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This brief is based on "The Rise of the Skilled City," a paper by Glaeser and the University of Pennsylvania’s Albert Saiz that appeared in the Brookings-Wharton Papers on Urban Affairs: 5 (2004) and was first published at the Sustaining Boston's Economic Renaissance Conference at the Federal Reserve Bank of Boston on April 27, 2005.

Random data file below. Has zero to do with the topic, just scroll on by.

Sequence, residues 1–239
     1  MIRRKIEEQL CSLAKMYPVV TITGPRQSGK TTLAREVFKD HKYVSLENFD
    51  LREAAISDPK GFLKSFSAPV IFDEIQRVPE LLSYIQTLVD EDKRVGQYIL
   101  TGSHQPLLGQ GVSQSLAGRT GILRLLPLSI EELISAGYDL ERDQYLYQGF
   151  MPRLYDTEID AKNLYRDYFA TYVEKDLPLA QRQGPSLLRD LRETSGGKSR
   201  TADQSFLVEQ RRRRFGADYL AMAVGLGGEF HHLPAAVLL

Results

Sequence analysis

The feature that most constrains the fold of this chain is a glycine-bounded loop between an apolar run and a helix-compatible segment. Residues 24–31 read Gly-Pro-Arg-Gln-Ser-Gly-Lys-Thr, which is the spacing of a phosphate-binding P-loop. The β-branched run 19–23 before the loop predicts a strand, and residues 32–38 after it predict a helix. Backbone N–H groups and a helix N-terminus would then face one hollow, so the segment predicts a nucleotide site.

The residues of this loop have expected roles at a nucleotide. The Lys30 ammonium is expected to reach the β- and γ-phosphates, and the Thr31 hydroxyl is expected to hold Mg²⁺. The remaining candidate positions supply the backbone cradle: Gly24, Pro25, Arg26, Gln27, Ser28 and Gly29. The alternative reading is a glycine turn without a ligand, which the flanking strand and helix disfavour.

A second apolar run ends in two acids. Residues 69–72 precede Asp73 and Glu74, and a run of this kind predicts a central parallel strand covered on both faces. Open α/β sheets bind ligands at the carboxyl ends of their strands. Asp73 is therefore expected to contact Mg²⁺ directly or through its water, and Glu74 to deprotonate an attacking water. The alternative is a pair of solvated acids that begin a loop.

The residents of faster-growing cities are better educated than their counterparts in struggling urban areas. The benefits of education are even stronger for entire regions. Education, moreover, is particularly important for cities and regions that have cold winters. This finding suggests that strategies that increase the level of local human capital are likely to produce economic growth. Attracting growing numbers of high-skilled workers requires that government provide high-quality public schools, safe streets and neighborhoods, and reasonably priced housing in cost-effective and equitable ways.